In an Economic Intelligence Unit column, two associates of business school IMD lay out the argument that a “sustainability bubble” may have already burst after the collapse in economies and oil prices.
But the column argues that there is still “low-hanging fruit” to be had in emerging economies, where companies can benefit from partnerships that address climate change, sustainable food, human rights and public health.
For instance, climate change partnerships, through legislative action, can level the playing field for companies, thus accelerating corporate action on climate change.
However, the column notes, “Considerable incentives are required from stakeholders to justify putting in such a level of support, and that includes incentives from regulators. And this brings us to the really difficult conundrum. Whilst the change of administration in the United States brings hope for more involvement from this key player in the climate change debacle, we should remind ourselves that only one in four Americans currently think action to slow global warming as a ”very important’ issue.”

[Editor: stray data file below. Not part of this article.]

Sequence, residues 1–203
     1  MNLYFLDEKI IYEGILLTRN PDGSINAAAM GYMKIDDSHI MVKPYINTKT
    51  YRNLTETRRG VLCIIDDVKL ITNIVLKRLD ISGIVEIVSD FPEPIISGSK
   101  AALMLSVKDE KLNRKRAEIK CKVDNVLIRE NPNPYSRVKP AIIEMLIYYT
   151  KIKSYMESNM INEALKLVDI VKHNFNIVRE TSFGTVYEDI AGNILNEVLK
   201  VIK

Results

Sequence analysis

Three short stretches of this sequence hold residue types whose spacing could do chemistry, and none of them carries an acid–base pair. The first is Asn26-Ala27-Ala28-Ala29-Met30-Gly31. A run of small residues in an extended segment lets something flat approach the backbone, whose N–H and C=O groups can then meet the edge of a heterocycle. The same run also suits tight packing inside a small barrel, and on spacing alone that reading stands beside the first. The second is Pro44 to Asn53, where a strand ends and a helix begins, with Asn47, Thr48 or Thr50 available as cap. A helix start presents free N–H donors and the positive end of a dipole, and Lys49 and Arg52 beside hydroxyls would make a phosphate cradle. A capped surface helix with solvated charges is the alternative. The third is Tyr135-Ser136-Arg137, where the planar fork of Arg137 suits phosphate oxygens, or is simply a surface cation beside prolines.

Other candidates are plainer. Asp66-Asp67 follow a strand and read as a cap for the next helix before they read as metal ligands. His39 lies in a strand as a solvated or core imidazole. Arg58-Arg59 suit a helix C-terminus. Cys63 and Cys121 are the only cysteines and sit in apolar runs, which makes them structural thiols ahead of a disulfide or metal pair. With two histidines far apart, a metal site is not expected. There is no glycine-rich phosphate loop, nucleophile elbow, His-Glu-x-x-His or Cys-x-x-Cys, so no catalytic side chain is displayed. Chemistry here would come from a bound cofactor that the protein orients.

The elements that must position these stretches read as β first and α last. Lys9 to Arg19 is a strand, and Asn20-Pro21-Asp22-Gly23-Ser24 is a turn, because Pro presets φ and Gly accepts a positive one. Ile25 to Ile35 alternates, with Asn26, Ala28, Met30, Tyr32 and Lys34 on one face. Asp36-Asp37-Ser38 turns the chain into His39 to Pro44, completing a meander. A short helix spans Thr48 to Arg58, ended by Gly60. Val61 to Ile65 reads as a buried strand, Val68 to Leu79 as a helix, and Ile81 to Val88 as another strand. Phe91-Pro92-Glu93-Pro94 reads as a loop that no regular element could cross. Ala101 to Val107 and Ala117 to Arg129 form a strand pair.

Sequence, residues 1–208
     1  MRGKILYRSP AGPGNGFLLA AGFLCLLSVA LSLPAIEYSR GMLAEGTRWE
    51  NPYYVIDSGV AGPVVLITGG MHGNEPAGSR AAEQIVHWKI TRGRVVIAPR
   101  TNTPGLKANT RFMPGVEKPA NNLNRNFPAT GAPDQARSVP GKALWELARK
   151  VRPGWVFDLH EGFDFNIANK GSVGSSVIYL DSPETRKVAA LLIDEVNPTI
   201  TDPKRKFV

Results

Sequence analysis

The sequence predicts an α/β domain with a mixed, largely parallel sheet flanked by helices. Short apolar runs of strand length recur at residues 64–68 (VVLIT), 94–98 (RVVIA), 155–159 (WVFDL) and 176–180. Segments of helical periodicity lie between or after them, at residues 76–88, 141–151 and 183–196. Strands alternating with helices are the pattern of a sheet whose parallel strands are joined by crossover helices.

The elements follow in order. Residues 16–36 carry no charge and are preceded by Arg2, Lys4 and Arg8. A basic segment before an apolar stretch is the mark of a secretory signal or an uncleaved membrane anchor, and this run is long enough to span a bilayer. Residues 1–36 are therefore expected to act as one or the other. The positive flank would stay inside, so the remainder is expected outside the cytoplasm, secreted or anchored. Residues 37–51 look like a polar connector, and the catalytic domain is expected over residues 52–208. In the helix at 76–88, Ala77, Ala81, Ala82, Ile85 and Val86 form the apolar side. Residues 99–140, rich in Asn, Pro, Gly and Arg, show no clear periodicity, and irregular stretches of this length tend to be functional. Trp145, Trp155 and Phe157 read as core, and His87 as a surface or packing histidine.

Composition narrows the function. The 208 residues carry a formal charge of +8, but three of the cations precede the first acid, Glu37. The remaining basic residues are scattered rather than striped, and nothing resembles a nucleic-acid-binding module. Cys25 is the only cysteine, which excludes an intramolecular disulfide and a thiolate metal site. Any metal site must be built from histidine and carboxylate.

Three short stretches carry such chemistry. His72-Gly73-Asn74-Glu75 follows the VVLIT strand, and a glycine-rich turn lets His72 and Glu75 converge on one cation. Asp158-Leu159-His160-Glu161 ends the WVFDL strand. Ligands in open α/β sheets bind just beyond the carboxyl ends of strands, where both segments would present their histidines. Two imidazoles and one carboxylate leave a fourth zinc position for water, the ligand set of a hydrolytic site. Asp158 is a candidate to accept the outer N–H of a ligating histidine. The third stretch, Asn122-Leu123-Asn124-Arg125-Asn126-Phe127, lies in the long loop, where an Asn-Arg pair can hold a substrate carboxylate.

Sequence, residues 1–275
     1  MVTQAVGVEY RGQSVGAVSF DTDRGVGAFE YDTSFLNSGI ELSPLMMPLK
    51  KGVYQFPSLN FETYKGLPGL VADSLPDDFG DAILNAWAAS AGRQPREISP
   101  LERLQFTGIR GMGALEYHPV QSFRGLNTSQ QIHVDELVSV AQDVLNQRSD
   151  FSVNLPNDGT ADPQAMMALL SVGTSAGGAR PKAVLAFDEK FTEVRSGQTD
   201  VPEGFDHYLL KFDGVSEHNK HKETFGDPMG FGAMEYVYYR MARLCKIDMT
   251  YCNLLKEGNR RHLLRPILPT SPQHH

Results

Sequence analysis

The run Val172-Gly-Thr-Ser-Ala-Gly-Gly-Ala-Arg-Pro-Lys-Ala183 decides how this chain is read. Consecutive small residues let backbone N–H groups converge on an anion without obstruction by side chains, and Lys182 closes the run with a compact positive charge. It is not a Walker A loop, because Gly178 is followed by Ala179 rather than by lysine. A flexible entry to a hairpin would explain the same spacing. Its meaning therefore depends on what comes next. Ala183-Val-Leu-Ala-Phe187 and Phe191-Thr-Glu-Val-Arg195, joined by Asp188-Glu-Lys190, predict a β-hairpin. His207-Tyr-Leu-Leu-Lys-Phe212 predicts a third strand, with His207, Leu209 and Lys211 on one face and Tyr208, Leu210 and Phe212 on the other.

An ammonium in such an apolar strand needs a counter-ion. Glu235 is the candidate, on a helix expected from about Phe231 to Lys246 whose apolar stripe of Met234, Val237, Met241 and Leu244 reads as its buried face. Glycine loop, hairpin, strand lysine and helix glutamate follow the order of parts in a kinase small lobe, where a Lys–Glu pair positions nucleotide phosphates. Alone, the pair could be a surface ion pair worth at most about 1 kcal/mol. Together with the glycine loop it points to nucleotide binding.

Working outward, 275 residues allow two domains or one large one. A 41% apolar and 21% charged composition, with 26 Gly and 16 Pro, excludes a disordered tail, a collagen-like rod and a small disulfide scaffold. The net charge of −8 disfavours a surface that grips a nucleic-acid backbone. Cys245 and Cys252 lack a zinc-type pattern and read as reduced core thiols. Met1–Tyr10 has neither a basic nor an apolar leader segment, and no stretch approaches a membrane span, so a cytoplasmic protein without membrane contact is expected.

There may be other reasons to focus on sustainability. A recent report from A.T. Kearney showed that companies focused on sustainability outperformed their peers by 15 percent during the financial crisis.